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Dial of Destiny proves that the Indiana Jones franchise should end now

In 1981, Indiana Jones first graced the big screen in Steven Spielberg’s now-classic movie Raiders of the Lost Ark. Forty-two years later, it’s time for Indy — his movies, his adventures, and his character — to end.

The fifth installment in the Indiana Jones franchise, Indiana Jones and the Dial of Destiny, just hit theaters last week to a so-so opening weekend at the box office. The film follows Harrison Ford‘s titular character as he dons his hat once more after he’s pulled into a high-stakes adventure years in the making. Featuring Phoebe Waller-Bridge as Indy’s goddaughter Helena Shaw and Mads Mikkelsen as the villainous Nazi Jürgen Voller, Dial of Destiny sees an aged Indiana Jones reckoning with his world and legacy.

The movie is directed by James Mangold of Logan and Ford v Ferrari fame, making it the first Indy movie without Steven Spielberg at the helm. Spielberg’s touch is at the heart of everything Indy, from the beloved and classic Raiders of the Lost Ark to the oft-maligned Kingdom of the Crystal Skull. Dial of Destiny also marks the first time without George Lucas taking on writing duties.

While Dial of Destiny may not be the greatest Indiana Jones movie ever made, the film provides a loving conclusion to one of the all-time great adventure franchises. Indiana Jones has produced some of the greatest adventure films ever created, and its legacy will assuredly live on forever. However, Dial of Destiny proves one thing is certain: it’s time for this franchise to end.

It’s OK for franchises to end

Indiana Jones attends a retirement party in Indiana Jones and the Dial of Destiny.

Dial of Destiny‘s most impactful moments come when it’s dealing with and reckoning with the ongoing, never-ending passage of time. From Indy’s own age to the film’s aesthetic mix of old-school adventure entertainment and high-tech CGI, there’s a rumination on time and “progress” going on in Dial of Destiny. By pairing Indy with Helena, a young adventurer that mirrors much of Indy’s own character, Mangold is mixing the new and the old, a common theme in the movie.

Time is the name of the game; even the film’s MacGuffin, a dial created by Archimedes that can predict “fissures in time,” is dealing directly with ideas of time. Dial of Destiny, which likely isn’t going to be seen as the best Indy movie despite cashing in some high-class entertainment, reckons with the legacy of not only Indy but also these kinds of films and adventures.

There is so much more to discuss with Dial of Destiny itself, but, to put it shortly, all of this suggests that Dial of Destiny is aware of its nature. It’s aware that it’s likely time for Indiana Jones to hang up his hat. It’s also probably time for Indiana Jones as a franchise to do the same.

Should Indiana Jones go the James Bond route and recast?

A montage of all the actors who have played James Bond.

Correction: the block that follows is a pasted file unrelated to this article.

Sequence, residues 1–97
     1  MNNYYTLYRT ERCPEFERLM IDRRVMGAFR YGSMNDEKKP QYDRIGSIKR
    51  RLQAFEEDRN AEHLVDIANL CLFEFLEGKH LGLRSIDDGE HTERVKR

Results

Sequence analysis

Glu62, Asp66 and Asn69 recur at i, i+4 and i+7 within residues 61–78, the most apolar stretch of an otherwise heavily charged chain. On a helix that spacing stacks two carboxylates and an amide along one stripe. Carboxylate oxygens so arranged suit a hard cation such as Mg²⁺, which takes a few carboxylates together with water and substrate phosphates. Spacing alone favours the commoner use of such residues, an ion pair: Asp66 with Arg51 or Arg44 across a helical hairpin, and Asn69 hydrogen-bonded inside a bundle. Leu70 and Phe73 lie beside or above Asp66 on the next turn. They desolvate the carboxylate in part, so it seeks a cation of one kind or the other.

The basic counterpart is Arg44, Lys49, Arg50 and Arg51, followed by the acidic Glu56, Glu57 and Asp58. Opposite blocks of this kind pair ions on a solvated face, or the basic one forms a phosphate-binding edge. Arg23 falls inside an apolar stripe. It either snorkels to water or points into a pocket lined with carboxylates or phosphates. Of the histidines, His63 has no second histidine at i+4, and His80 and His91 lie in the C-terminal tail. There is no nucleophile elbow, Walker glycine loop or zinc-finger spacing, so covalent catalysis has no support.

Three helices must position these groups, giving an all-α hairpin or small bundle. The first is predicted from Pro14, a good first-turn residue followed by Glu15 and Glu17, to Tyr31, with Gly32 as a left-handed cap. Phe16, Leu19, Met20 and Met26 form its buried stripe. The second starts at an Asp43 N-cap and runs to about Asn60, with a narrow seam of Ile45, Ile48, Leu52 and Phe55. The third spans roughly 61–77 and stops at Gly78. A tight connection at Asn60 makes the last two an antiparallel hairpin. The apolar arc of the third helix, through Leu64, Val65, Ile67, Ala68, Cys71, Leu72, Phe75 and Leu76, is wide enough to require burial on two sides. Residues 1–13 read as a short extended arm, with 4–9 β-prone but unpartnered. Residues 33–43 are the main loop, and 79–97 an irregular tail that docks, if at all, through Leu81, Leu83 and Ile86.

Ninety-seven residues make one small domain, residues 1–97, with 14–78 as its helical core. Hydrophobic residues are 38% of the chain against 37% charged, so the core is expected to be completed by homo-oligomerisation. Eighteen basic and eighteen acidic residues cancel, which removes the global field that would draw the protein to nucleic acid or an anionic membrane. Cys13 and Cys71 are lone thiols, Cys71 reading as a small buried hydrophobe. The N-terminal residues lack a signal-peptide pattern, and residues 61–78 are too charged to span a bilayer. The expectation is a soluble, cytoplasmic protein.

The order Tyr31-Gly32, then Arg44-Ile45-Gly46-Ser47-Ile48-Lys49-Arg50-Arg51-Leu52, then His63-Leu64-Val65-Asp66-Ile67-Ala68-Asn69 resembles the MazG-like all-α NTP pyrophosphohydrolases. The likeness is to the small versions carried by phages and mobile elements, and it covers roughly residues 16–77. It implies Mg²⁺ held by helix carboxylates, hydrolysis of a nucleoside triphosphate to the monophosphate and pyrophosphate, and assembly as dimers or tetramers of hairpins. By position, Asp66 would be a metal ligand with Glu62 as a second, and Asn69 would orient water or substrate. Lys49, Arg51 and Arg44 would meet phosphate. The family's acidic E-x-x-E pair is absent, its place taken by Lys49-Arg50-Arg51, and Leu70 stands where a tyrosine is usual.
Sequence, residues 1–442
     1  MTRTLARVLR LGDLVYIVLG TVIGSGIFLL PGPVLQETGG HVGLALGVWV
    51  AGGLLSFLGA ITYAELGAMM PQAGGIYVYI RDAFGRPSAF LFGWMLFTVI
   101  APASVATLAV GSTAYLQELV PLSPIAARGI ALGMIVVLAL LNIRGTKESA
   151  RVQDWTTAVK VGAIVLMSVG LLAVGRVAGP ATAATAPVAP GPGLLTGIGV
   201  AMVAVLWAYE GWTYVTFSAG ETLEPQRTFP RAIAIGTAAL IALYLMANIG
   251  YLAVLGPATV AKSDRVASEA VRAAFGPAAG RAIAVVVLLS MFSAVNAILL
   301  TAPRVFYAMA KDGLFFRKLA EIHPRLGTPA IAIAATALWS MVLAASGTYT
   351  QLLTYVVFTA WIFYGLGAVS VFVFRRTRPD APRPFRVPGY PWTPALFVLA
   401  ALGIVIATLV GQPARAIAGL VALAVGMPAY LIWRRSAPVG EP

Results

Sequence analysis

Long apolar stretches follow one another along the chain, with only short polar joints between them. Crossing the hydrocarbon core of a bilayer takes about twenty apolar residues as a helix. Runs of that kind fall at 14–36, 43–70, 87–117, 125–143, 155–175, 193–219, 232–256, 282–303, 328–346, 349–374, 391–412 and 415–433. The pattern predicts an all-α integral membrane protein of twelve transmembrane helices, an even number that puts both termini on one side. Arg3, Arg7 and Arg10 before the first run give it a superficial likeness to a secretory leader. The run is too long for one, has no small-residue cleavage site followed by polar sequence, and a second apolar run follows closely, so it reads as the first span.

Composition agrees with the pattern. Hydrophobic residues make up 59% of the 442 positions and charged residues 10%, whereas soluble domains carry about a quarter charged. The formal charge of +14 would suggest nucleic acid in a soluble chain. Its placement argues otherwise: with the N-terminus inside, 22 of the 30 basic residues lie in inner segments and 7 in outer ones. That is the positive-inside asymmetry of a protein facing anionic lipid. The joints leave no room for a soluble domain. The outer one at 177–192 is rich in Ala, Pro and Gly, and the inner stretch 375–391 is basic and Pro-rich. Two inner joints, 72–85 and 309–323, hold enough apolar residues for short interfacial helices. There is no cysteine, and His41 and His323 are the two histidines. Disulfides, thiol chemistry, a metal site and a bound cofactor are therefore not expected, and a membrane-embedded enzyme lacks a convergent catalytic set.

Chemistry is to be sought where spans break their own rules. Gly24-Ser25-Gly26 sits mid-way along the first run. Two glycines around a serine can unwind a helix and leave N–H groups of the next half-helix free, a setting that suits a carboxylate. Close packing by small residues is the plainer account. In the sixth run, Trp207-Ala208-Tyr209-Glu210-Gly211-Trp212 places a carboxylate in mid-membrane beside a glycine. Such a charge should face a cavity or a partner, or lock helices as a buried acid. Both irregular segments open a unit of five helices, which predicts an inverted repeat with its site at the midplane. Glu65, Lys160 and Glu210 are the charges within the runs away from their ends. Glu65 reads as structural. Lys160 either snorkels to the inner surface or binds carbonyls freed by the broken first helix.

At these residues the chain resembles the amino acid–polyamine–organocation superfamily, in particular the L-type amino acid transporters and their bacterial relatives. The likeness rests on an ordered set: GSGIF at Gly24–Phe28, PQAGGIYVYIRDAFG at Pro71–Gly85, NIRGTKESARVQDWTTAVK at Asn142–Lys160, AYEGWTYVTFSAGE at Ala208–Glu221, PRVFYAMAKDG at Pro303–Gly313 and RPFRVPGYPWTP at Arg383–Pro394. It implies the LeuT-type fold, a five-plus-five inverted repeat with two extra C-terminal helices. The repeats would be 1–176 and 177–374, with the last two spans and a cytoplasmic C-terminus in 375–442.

Image used with permission by copyright holder

An avenue that a studio could have taken — and still can take — with this franchise is to take the James Bond route. Recast Indiana Jones every few years and continue creating an expansive timeline of adventures. It wouldn’t really be that hard. The form, structure, and stakes of an Indiana Jones movie are such an open yet effective model, much like a James Bond movie. It allows for creativity within the margins, but it’s all largely just a highly effective action-adventure series with a zany and personable lead.

I wouldn’t be surprised if, in a few years, Disney actually does announce they are taking this route, but that would be a shame. The best strategy at this point would be to move on. Indiana Jones will always be Spielberg, Lucas, and Ford. Those three minds are crucial to this franchise; it doesn’t seem like we will ever see those three reunite for an Indiana Jones movie again. Mangold’s film can function as an Indy movie thanks to Ford as well as its internal text of franchise reckoning. I’m not convinced that a film without Ford or Spielberg and Lucas will ever feel like an Indiana Jones movie.

Let Indiana Jones rest in peace

INDIANA JONES AND THE DIAL OF DESTINY Clip - "Rickshaw Chase Scene" (NEW 2023)

Indiana Jones and the Dial of Destiny is a loving conclusion wherein Indy is finally happy and at peace, yet the adventure will never really end. The world is made for adventuring, and nothing is impossible. Sure, it doesn’t hold the visual flair and emotional heart that only Spielberg is able to capture so deftly. It’s not Raiders or The Last Crusade. It’s not reinventing the genre. But it sure is entertaining.

While watching Mangold’s newest installment, I couldn’t help but think that it’s unfortunate that we likely won’t ever see these movies again. Spielberg, Lucas, and Ford caught lightning in a bottle, and I could likely watch Indy and his spelunking until the end of time. However, all good things must come to an end.

As sad as it may be, it’s time to let Indiana Jones die.

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Carson Burton
Carson Burton is an writer, entertainment fanatic, and a proud Crocs owner that loves everything from Spider-Man: Into the…
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